Activators and inhibitors of the fibrinolytic enzyme system : a study of their interactions and influence on thrombolysis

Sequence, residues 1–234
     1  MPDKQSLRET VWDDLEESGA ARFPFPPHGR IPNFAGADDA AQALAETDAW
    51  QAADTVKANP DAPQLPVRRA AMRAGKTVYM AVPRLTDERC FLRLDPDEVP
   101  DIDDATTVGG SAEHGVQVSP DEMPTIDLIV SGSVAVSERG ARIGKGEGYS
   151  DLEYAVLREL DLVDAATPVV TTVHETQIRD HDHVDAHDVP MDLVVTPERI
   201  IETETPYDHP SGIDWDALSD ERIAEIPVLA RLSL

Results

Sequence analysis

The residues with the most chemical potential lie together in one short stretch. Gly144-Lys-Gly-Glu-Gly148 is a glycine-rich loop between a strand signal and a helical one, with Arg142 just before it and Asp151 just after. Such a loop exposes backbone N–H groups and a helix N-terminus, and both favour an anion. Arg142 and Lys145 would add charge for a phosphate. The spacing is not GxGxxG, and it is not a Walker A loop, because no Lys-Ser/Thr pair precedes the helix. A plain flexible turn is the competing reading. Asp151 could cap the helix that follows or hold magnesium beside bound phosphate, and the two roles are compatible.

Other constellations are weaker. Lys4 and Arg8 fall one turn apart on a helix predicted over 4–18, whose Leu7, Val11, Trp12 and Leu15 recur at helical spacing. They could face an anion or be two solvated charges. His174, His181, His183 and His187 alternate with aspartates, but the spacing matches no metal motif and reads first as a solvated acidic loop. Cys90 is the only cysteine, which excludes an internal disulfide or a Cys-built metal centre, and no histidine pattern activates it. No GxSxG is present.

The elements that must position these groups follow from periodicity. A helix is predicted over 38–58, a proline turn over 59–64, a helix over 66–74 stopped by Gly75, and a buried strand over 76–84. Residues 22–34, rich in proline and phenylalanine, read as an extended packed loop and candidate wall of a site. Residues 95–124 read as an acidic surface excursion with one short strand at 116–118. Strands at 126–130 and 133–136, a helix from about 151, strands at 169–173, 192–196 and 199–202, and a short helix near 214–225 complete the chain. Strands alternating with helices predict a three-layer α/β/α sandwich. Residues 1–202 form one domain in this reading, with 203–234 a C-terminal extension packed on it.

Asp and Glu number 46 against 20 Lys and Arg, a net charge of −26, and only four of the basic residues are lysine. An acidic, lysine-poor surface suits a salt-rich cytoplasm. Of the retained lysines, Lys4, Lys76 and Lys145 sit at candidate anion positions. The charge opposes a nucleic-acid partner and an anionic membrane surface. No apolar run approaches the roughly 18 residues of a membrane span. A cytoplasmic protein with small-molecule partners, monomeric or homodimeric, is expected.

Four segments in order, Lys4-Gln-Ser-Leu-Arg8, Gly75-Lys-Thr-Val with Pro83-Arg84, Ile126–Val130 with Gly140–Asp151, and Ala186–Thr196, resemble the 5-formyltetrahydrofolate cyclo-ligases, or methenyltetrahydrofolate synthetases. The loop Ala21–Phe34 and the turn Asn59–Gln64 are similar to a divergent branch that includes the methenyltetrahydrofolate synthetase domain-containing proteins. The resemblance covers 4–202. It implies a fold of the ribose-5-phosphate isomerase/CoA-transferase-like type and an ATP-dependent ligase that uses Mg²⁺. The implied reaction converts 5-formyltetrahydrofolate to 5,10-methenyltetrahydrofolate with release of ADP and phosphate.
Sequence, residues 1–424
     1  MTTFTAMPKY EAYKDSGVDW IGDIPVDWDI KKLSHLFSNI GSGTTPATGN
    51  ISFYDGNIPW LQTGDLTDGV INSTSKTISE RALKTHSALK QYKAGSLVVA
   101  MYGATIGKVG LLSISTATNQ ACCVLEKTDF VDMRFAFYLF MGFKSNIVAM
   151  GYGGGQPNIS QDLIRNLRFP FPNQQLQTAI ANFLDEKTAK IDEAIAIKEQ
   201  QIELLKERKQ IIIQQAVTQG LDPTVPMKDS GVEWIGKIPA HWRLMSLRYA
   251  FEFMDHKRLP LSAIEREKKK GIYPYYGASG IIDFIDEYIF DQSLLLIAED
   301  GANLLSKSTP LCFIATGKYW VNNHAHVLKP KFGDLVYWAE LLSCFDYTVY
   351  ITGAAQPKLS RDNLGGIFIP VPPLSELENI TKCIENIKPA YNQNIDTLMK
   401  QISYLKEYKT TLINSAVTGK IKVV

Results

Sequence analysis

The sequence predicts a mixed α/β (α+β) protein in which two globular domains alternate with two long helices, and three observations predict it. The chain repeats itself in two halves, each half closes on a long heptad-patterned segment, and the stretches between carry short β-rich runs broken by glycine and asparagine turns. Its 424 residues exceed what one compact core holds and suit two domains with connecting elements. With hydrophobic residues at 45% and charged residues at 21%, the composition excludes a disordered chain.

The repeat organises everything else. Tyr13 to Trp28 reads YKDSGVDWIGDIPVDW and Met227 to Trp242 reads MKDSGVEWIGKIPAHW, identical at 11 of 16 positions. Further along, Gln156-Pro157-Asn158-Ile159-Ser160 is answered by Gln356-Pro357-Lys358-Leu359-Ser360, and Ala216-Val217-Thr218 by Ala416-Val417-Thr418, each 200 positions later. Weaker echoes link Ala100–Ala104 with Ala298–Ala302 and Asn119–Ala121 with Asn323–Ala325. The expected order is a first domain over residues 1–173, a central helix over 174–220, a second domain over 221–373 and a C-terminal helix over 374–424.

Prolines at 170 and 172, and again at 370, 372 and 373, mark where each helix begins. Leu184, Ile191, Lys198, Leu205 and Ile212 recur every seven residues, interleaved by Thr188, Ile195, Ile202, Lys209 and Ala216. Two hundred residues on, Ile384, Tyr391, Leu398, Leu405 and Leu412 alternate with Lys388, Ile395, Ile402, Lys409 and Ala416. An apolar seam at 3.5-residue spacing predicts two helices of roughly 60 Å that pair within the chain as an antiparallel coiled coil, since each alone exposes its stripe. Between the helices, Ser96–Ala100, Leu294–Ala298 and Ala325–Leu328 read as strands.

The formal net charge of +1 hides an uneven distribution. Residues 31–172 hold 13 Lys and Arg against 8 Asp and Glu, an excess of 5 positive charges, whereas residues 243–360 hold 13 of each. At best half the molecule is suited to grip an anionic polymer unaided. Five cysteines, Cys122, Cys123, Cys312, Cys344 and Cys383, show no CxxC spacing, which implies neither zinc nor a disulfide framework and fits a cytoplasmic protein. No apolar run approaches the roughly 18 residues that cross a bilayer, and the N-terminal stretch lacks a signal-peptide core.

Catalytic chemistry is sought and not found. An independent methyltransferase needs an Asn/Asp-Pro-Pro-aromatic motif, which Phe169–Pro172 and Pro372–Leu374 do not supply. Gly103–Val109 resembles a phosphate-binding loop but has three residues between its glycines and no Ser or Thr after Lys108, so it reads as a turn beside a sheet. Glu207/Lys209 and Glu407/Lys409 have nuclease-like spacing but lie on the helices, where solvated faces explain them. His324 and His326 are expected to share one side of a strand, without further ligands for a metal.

The fibrinolytic system culminates in the formation of plasmin from its precursor plasminogen, through the action of agents termed activators. Neither the characterisation nor the role of inhibitors of plasminogen activators is defined. This study deals with the inhibitors of urokinase and tissue activator which are present in normal and pregnancy plasma, and amniotic fluid. It also describes the design and construction of an artificial circulatior which allowed the study of both activators at variable flow rate and pressure. Normal plasma contained at least three proteins with inhibitory activity against tissue activator and two which inhibited urokinase in fibrinolytic assays; one of those was capable of inhibiting both activators. Pregnancy plasma possessed increased anti-urokinase activity in fibrinolytic and amidolytic assays, which appeared to reside in a protein distinct from established protease inhibitors. Increased anti-tissue activator activity was also observed in pregnancy plasma but conclusive distinction of this inhibitor from α₂-antiplasmin was not achieved. Amniotic fluid inhibited the caseinolytic and amidolytic activities of plasmin. Removal of α₁-antitrypsin substantially reduced the antiplasmin activity but the anti-urokinase activity persisted. Preliminary experiments with the artificial circulation demonstrated that tissue activator was a much more efficient thrombolytic agent than urokinase in the presence of plasma. Variation in flow rate (10-40mls/min) also influenced the rate of lysis by both enzymes, but no significant differonce was observed when the pressure was altered between 10 and 30cm H₂0. It was concluded that this approach to the study of activators and inhibitors would increase the understanding of thrombolysis and would provide a background for the more rational use of thrombolytic agents.